During the second half of the course I’m teaching at MSU this semester (FW852 Systems Modeling and Simulation) I’ve invited several colleagues to give guest lectures on the modelling work they do. These lecture serve as examples to the students of modeling and simulation in practice, and provide the opportunity to tap the brains of experts in different fields.

One of the speakers I invited was one of my former PhD advisors, Dr. George Perry. George is at the University of Auckland, New Zealand. Rather than pay for him to fly half way around the world we thought we would save some CO2 (and money!) by doing the lecture via internet video conference. As you can see from the photo below we had a video feed from George up on a large screen (you can also see the video feed he had of our room down in the lower right of his screen) with his presentation projected onto a separate screen (at right).

George spoke about research he has done modelling habitat dynamics and fish population persistence in intermittent lowland streams in SE Australia [I’ll link here to his forthcoming paper on this work soon]. The emphasis was on the ecology of the system and how modeling combined with fieldwork can aid understanding and restoration of systems like this.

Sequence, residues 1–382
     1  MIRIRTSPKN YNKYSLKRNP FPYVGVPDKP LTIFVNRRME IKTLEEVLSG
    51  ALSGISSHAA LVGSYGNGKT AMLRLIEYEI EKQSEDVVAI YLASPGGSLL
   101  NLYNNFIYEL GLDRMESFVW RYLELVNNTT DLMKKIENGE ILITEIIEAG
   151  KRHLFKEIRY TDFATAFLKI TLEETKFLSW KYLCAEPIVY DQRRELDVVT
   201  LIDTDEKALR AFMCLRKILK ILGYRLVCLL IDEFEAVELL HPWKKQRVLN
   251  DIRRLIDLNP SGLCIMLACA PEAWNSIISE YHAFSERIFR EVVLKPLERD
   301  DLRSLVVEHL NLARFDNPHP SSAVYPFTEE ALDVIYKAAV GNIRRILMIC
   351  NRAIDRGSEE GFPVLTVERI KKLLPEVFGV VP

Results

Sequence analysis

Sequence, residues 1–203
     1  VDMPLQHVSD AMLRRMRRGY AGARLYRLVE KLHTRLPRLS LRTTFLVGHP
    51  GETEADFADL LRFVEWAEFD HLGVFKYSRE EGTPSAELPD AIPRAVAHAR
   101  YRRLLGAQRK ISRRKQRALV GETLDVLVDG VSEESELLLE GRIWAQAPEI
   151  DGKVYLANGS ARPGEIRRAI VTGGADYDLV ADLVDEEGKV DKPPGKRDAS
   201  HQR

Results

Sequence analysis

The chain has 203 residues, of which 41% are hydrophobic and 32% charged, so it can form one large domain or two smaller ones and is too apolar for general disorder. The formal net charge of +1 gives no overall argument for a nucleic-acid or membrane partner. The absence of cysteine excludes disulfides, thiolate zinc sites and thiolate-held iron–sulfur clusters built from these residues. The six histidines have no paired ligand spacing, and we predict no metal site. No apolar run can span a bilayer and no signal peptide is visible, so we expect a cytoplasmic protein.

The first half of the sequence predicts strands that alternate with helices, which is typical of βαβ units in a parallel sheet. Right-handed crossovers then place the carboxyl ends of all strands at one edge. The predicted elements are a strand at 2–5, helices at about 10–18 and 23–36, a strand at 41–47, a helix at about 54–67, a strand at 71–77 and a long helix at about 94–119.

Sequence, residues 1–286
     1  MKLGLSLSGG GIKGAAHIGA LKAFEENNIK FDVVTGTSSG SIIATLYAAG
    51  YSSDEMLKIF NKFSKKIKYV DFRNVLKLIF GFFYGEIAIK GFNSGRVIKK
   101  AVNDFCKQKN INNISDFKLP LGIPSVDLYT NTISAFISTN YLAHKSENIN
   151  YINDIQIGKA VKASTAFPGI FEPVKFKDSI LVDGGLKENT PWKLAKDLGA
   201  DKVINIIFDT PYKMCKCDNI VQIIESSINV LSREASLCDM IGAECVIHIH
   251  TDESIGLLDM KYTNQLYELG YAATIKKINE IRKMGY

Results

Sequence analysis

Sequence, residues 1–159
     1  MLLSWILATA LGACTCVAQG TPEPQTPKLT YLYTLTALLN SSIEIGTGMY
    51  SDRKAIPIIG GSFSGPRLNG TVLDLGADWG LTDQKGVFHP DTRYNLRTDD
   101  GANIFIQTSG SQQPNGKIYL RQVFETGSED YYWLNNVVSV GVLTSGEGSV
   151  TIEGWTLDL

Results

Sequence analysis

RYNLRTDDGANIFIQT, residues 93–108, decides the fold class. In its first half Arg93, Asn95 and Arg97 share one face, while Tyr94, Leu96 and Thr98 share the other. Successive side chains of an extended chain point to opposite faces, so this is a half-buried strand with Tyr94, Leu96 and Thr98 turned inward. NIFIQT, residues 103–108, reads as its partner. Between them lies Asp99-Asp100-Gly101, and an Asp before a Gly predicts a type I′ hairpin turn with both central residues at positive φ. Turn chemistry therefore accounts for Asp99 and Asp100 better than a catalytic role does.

Everything went pretty well with only a couple of Max Headroom-type stutters (the stutters were purely technical – George’s presentation and material was much more coherent than the 80’s icon!). With the increasing availability of (free) technologies like this (I often use Skype to make video calls with my folks back home, and Google just released their new Voice and Video Chat) no doubt this sort of communication is here to stay. And it looks unlikely that eLectures will stop here. As highlighted this week, academic conferences and lectures in virtual environments like Second Life are beginning to catch on too.

ABM of Mediterranean LUCC Paper Published in JASSS